Herbster, Theobald mull U.S. Senate bids against Pete Ricketts

Fischer has no announced challengers yet
Nebraska’s rare double-feature of U.S. Senate races in 2024 already stars two Republican incumbents.
Published: Jun. 27, 2023 at 5:59 PM CDT
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LINCOLN, Neb. (Nebraska Examiner) - Nebraska’s rare double-feature of U.S. Senate races in 2024 already stars two Republican incumbents, with U.S. Sens. Deb Fischer and Pete Ricketts having said they plan to run.

Two potential challengers confirmed to the Nebraska Examiner they are considering Senate bids after being asked about new filings this month with the Federal Election Commission and the international registry for website domain names.

Ricketts could face new challenges from left, right

Former gubernatorial candidate Charles Herbster, a multi-state agribusinessman who lost the 2022 GOP primary race to Gov. Jim Pillen, had already acknowledged interest in a 2024 bid.

Paul Theobald, a potential Democratic candidate for U.S. Senate. (Courtesy of Nebraska Democratic Party)

Now a Democrat has filed paperwork to raise money for a Senate run. He is Paul Theobald, a former Wayne State College dean of Education and Counseling and high school teacher.

“I am considering a run,” said Theobald, who lost a 2018 race to U.S. Rep. Adrian Smith in Nebraska’s sprawling, largely rural 3rd Congressional District. 

Theobald declined to discuss the potential bid Monday but said he would announce a decision in July. His family had run a hog farm in Pierce County and he still teaches college classes. 

Theobald reported raising and spending about $80,000 for his 2018 House bid against Smith, who reported raising $1.2 million. Theobald raised more than most 3rd District Democratic hopefuls. Last year, Democrat David Else didn’t report raising any money. 

Herbster had said in February he was exploring his options, and a Herbster political staffer said the bull breeder was thinking about challenging Ricketts — Pillen’s highest-profile supporter from 2022.

Website reservations

In early June, someone paid to reserve four potential website domain names, www.herbster4senate.com, www.herbsterforsenate.com, www.herbster4senator.com, and www.herbsterforsenator.com.

Facebook post by former gubernatorial candidate and Trump donor Charles Herbster. (Facebook)

Days later, Herbster posted on Facebook that he had been with former President Donald Trump for days and was about to attend “a series of meetings” in Washington, D.C.

Herbster spokesman Rod Edwards would neither confirm nor deny Monday whether Herbster or someone working on his behalf had reserved the web addresses for a Senate campaign.

“Charles is doing a lot of work to help President Trump win,” Edwards said. “As far as a run for Senate, no final decision has been made and that door is not closed at this point.”

Herbster is a top Trump donor, and Trump endorsed Herbster in the governor’s race. Herbster’s campaign consultants included Kellyanne Conway, David Bossie and Corey Lewandowski, who all have worked for Trump.

Ricketts’ parents, GOP mega-donors Joe and Marlene Ricketts, have given to Florida Gov. Ron DeSantis’ 2024 bid. Pete Ricketts has not yet expressed a preference in the presidential race.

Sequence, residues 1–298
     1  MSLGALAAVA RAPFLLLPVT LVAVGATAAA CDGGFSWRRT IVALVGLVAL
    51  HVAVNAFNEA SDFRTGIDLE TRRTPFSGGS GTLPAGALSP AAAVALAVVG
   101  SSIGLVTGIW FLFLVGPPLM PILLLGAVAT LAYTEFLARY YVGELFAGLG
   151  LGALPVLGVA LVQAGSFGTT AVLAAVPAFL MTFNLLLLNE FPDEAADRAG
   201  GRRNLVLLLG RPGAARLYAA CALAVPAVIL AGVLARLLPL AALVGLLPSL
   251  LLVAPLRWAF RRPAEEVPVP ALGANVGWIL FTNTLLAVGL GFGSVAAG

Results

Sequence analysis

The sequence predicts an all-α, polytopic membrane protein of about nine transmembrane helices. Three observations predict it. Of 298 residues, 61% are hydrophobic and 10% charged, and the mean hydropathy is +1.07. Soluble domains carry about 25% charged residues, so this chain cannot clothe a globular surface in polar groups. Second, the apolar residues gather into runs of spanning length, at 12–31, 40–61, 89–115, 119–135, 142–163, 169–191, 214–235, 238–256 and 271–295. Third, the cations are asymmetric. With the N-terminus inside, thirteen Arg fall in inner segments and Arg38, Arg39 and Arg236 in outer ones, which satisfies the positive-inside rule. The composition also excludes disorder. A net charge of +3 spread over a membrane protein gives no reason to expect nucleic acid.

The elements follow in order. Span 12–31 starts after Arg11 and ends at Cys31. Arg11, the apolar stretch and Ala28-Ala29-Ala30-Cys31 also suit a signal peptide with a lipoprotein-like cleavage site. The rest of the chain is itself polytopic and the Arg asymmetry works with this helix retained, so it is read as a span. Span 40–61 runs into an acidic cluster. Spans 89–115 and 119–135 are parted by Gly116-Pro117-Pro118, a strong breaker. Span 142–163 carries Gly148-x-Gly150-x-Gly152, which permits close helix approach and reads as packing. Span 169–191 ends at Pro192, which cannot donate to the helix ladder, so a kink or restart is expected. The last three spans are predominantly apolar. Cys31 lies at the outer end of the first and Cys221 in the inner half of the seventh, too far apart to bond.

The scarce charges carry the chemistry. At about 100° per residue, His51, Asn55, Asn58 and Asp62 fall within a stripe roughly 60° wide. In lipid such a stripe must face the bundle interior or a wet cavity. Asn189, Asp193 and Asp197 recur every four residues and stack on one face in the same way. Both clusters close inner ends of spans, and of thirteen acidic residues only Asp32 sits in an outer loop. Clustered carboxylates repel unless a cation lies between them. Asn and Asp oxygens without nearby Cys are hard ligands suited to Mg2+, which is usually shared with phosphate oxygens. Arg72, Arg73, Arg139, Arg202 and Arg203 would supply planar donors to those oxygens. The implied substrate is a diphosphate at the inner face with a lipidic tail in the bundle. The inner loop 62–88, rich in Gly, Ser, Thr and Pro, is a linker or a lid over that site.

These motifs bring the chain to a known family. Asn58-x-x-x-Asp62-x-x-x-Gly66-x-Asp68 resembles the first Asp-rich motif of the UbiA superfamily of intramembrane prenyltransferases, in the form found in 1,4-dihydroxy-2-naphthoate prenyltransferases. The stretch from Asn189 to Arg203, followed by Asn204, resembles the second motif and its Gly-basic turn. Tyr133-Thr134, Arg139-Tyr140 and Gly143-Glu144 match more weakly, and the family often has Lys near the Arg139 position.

A Ricketts-Herbster race would pit the person who raised and self-funded the most money in any Nebraska state race — Herbster in his 2022 loss to Pillen — against the person who raised and self-funded the most in any Nebraska federal race — Ricketts, in his 2006 loss to then-U.S. Sen. Ben Nelson, D-Neb.

Herbster blames Ricketts

Herbster has blamed Ricketts for some of the negative news stories that contributed to his loss, which Ricketts has denied. Ricketts, during a visit last week to the University of Nebraska-Lincoln, declined to comment about any potential challengers.

“Who files against me is not something I can control, so I’m just going to focus on things I can control, which is making sure I do the best job I can,” Ricketts said.

The former governor said he knows he will have to earn the votes of Nebraskans after Pillen appointed him to Sen. Ben Sasse’s seat in January. Sasse quit to lead the University of Florida.

U.S. Sen. Deb Fischer, R-Neb., talks with reporters after an event  June 19 in Lincoln, Neb. (Zach Wendling/Nebraska Examiner)

Ricketts already faces one upstart GOP challenger in John Glen Weaver, a former 1st District candidate for the U.S. House who lost a challenge to freshly appointed Rep. Mike Flood last year. 

Weaver, who has been traveling the state trying to consolidate voters who want someone other than Ricketts, said he plans to stay in the Senate race no matter what Herbster does.

“If (Herbster) gets in, it looks like revenge,” Weaver told the Examiner on Monday. “If he wants revenge, he just needs to go live a happy life and raise cattle.”

Fischer waiting on challenger

Fischer, who was first elected to the Senate in 2012, has no announced challengers. During the delegation’s visit last week to UNL, she said she and her team had not yet heard who might step forward.

Nebraska Democrats have been actively recruiting candidates for both Senate races after receiving criticism in 2022 for leaving a handful of statewide offices without a filed challenger. The party’s central committee meets in Scottsbluff next month.



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